A: Most orders govern themselves by the rule of Saint Benedict. For example, the nuns have to open their doors to anyone who needs help. But they are also trying their best to keep themselves away from the world, so a lot of these places are isolated. They are not supposed to be closed to the world. It’s interesting to see how they’ve started to commercialize that aspect of their faith. Nuns have changed radically since the 1960s, because the Vatican decided to open its halls. Something interesting I learned is that they started to change the way they dressed. Christian Dior is a very famous fashion designer. He actually designed a nun’s habit. That’s something I learned.

Q: What was the most surprising, unexpected or difficult thing you’ve encountered so far while writing your thesis?
A: The Catholic Church is hella old. There are a lot of different things I want to explore right now. Like, just reading about nuns in World War II, reading about black nuns in the U.S., so it’s really frustrating because there is a lot more I want to read. It’s hard to know when to stop researching and when to start writing because you could research forever!

Q: What is the most valuable thing to you expect to take away from your thesis-writing experience?
A: I’m learning about this lifestyle that is radically different from anything I’ve known. I’m really glad I’m able to learn so much about them. I am really astonished by the way they live their lives and how strongly they need to reconcile the death of their lifestyle with this new changing world that refuses to acknowledge them.

Q: Could you speak a little more about the juxtaposition of the old and the new?
A: Female monasticism was at an all-time high in the ‘60s and now it is at an all-time low; it’s decreasing every year. They are getting women who are pledging the rest of their lives, but they are older and there are less of them than others. And it’s interesting because nuns are supposed to be uniformed, they’re supposed to wear the same clothes, they don’t make a reputation for themselves. In the centuries, it’s been mostly men who’ve looked at them through a salacious lens. So often their narrative is written by someone who doesn’t know much about them.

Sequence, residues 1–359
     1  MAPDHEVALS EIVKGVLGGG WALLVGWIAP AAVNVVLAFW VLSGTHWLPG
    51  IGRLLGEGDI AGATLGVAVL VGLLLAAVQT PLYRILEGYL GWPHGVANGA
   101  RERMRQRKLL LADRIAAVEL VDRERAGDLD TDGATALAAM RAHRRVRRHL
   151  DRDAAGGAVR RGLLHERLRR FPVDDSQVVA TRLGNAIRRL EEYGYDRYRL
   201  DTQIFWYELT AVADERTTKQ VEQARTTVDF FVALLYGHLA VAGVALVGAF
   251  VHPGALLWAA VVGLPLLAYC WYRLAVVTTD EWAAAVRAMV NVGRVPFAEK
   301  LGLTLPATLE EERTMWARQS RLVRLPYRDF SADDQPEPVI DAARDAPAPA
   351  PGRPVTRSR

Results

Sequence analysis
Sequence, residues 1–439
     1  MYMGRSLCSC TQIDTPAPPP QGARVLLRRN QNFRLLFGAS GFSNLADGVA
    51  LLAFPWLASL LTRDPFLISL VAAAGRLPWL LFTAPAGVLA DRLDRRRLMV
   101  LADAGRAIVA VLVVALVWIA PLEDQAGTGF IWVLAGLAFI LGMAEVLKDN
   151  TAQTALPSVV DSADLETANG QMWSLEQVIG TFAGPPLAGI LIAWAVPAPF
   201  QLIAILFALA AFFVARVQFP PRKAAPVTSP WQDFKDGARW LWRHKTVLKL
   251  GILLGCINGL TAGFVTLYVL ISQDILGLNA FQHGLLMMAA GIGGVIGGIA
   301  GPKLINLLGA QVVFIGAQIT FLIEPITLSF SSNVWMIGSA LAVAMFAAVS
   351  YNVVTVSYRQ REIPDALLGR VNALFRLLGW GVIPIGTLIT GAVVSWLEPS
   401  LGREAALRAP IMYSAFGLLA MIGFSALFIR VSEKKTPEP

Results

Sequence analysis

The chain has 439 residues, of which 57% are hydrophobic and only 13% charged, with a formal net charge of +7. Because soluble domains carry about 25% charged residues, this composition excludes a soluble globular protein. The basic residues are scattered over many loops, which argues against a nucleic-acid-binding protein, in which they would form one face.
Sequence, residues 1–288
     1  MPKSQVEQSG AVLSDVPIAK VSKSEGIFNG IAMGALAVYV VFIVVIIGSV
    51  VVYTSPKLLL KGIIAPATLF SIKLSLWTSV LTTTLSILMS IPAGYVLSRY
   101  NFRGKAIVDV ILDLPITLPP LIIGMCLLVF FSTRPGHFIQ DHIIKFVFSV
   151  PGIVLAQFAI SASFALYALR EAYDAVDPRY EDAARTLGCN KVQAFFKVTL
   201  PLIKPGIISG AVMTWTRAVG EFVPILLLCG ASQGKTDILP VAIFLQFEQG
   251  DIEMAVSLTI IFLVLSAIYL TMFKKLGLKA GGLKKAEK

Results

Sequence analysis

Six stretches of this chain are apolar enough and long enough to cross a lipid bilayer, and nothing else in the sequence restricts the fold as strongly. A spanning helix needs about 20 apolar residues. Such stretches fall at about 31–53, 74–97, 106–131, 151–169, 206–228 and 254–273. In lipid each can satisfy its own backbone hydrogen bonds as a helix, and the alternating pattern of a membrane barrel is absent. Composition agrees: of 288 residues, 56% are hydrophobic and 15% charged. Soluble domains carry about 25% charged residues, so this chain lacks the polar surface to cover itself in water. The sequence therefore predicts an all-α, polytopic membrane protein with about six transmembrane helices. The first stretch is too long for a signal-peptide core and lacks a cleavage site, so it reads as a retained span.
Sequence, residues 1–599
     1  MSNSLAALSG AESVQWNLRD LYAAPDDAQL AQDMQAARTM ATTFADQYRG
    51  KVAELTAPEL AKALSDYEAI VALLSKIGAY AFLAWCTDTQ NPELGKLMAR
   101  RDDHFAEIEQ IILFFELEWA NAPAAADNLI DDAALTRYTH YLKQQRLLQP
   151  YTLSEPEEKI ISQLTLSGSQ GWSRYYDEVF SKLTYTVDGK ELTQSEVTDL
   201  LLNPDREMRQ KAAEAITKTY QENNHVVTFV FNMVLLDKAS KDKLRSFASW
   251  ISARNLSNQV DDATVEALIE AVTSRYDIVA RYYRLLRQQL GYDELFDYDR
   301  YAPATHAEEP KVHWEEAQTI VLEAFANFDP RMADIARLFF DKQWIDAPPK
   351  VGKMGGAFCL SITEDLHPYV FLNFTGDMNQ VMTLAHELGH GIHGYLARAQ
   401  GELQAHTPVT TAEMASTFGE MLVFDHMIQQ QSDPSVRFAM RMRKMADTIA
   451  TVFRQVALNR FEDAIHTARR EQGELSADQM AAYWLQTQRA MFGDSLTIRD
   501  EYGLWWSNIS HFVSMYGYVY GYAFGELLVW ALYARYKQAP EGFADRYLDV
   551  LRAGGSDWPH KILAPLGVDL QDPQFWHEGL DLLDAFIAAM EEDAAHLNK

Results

Q: Are we moving away from this kind of outlook?
A: I’ve been reading a lot, and there are orders who dress up like nuns. There are other ones who still have a habit and long dresses. And the ones who look to the order and choose to separate themselves from the rest of the world — those are the ones getting more people than the ones who are part of the rest of the world. It’s interesting. They say millennials are being injected into this new spiritual lifestyle. I guess because they are looking for something different.

Q: What role has your adviser played in your thesis?
A: I’m a European Studies major, so the thesis is required. The thesis came first and then the adviser came. She helped me refine it and she helps me deal with the theological side of it — not so much the Spanish side, because she doesn’t know a lot about Spain. She’s very supportive. Whenever I freak out, she tells me not to worry — “get it out and publish and you’ll be fine.” It’s a bit unorthodox. Normally you have an idea of which professor you’d write with. But I was abroad last semester and my idea came pretty late. I didn’t turn in my proposal until September.